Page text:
Summed up, here’s what Mayor Sly James and City Manager Troy Schulte said when asked at a meeting this week about their leadership and accomplishments for Kansas Citians.
Kansas City is a great place to live and work, where citizens are satisfied with city services and municipal employees are hard-working innovators.
To buttress this viewpoint, the city’s top leaders pointed to parts of the recently released and often upbeat 2015 citizen satisfaction survey. The two men — as well as a few other city officials who also spoke Tuesday — were justifiably proud of accomplishments that included better reading rates for third-graders and lower homicide rates.
However, important facts were left out the presentation at a KCStat meeting.
Normally, the city staff is grilled at these gatherings, as James and others try to determine whether departments are efficiently using public funds on behalf of residents. This time, though, the city brought in a consultant from Bloomberg Associates, whose stated goal on its website is to “help city governments improve the quality of life of their citizens.”
Unfortunately, the consultant’s questions were of the marshmallow variety, and her constant replies of “excellent” to responses by James and Schulte revealed her to be an easy grader.
While the 100-plus page citizen survey contains lots of encouraging information about the rising quality of Kansas City services, it also has discouraging data on how the city compares with others.
Among the most salient points on both sides of the discussion:
▪ Residents generally are more satisfied now than they were 10 years ago as well as in more recent years in crucial categories.
That’s true of residents’ perceptions of Kansas City, which can be a deciding factor in whether people stay in the city or leave for the suburbs. The city had the highest satisfaction rates of any reported survey since 2005 when asked about overall quality of life in the city, overall image of the city and overall feeling of safety in the city.
City services also got higher marks than in the last decade in categories such as parks and recreation programs, quality of the water utility and customer services from city employees.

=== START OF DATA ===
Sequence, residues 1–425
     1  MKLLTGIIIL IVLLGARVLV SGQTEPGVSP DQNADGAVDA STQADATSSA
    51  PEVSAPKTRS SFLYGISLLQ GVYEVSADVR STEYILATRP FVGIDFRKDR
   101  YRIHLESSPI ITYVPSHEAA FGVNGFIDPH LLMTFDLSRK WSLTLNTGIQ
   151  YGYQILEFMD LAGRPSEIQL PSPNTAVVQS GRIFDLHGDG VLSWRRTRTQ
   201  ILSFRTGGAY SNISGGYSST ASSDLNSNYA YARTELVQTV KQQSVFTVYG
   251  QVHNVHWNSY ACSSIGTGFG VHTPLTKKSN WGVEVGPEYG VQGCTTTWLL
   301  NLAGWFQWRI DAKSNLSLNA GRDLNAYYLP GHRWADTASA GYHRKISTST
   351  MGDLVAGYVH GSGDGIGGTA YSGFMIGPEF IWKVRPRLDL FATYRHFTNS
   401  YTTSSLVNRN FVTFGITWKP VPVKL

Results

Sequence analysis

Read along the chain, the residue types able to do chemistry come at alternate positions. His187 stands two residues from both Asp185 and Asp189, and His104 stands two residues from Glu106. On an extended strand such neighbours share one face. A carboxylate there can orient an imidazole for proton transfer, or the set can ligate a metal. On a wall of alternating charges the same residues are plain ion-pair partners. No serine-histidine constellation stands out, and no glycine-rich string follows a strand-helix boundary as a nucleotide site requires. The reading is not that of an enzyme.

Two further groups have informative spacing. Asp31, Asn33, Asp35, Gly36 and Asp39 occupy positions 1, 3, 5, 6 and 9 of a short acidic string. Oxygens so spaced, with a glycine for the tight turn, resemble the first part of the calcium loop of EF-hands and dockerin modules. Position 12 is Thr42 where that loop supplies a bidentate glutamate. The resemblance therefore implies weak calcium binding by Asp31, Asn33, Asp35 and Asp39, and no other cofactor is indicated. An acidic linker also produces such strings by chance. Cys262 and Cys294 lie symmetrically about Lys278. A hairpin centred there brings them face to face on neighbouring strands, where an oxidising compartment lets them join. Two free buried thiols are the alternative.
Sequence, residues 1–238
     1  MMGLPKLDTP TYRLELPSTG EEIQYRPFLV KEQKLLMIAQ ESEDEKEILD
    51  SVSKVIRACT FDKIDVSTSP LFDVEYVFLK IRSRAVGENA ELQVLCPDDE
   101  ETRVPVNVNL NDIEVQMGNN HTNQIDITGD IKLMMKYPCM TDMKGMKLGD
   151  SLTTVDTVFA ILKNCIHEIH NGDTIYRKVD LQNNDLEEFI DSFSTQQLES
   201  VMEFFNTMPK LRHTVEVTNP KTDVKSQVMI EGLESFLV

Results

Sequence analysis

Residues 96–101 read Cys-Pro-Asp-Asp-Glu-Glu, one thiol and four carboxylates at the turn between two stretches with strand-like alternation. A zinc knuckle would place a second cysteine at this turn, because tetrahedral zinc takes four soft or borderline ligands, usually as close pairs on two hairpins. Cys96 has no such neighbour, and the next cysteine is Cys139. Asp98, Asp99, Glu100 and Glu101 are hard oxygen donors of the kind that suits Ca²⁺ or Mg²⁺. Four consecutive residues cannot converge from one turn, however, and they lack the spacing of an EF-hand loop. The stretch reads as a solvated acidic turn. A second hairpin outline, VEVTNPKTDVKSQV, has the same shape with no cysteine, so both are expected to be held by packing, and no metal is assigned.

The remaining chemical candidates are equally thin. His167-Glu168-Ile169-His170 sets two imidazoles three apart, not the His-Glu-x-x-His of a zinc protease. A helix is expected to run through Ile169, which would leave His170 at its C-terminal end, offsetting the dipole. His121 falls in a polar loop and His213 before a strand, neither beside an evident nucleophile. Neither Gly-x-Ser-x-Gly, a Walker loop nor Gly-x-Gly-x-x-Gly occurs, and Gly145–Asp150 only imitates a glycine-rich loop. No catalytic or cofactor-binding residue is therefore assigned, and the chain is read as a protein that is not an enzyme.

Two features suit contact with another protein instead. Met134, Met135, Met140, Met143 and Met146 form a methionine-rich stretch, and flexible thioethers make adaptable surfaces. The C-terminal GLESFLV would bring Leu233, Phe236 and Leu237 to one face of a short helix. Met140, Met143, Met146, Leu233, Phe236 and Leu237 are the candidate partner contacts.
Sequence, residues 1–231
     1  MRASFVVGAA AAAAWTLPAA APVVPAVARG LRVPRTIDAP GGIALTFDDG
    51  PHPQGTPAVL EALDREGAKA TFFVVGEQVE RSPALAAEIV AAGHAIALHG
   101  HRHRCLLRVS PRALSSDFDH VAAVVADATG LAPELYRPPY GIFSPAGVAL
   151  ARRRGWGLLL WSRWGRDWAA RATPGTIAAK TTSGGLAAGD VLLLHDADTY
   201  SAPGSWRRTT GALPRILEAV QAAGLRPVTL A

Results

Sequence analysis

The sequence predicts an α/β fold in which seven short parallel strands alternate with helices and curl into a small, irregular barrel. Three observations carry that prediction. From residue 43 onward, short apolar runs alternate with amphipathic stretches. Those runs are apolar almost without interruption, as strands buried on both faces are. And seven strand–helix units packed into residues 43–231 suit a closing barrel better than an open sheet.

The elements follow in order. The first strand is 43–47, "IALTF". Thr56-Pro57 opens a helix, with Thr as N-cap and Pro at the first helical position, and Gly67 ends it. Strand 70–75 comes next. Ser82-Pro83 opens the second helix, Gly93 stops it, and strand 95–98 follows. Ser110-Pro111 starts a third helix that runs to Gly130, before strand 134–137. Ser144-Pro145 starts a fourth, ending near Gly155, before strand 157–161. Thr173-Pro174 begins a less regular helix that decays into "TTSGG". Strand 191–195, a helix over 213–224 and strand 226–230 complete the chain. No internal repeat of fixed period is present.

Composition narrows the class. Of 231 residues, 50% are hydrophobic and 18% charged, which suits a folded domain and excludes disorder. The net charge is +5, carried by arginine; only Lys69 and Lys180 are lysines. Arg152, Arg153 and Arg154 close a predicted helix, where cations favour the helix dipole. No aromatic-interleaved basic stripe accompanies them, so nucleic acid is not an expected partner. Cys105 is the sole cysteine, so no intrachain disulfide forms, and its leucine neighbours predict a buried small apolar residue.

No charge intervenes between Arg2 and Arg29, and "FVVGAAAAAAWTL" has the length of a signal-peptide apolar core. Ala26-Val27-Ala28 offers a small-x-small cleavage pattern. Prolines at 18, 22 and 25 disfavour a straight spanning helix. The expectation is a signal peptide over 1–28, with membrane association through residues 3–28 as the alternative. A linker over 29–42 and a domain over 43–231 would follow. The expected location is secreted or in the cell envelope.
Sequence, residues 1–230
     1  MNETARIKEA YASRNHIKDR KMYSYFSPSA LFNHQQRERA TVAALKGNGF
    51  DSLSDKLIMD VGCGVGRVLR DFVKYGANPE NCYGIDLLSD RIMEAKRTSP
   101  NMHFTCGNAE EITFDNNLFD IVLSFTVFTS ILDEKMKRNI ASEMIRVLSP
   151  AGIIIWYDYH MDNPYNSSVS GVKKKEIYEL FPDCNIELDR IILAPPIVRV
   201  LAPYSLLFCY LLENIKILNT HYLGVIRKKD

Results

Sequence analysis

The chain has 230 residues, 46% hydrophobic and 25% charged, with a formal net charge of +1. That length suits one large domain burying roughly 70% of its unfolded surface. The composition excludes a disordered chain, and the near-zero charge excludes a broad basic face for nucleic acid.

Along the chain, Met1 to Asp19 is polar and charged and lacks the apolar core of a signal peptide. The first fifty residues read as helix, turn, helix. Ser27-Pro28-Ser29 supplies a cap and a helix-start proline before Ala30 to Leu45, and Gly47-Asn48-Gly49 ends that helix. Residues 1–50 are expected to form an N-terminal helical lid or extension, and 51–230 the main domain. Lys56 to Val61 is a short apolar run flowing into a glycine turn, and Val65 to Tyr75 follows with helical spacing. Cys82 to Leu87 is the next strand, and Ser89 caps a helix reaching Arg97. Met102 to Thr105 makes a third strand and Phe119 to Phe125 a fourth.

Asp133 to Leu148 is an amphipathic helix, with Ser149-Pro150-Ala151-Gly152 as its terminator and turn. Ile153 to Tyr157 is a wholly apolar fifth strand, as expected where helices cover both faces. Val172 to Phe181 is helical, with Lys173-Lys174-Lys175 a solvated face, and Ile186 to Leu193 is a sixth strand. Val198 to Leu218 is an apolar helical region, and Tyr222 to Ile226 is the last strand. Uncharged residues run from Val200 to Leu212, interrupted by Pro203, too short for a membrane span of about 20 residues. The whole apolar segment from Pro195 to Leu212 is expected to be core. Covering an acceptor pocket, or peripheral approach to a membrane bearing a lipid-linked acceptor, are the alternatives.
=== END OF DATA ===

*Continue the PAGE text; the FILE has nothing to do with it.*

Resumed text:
Under the four years of James’ leadership and Schulte’s top-dog status at City Hall, the trend in citizen satisfaction is absolutely headed in the right direction.
▪ The biggest failure of the nearly three-hour love-fest this week was the ignorance of how Kansas City stacks up when measured against peer Midwestern cities and — even more notably — against its local suburban competitors.
Remember, all of the local communities — like Blue Springs, Independence, Lenexa, Overland Park and Olathe — also are constantly seeking residents and employers. If Kansas City can soar even higher in satisfaction scores, city officials stand a better chance of attracting investment to the heart of the metropolitan area.
In the report, residents of Kansas City area cities were on average more satisfied with their major public services than were the people of Kansas City. That’s even after taking into account the city’s rising scores of recent years.
Local residents outside Kansas City also on average were happier than city residents with public safety, the conditions of streets and sidewalks, animal control services and most solid waste services.
Sure, it’s tough to compete with the suburbs, which often have more affluent residents, newer housing stock and nowhere near the number of challenges faced by a sprawling Kansas City.
It’s also true that James, Schulte and others this week wanted to tout some of Kansas City’s recent achievements.
But keep things in perspective. Kansas City still must do a lot more to boost citizen satisfaction scores when it comes to providing public services and efficiently using tax revenues.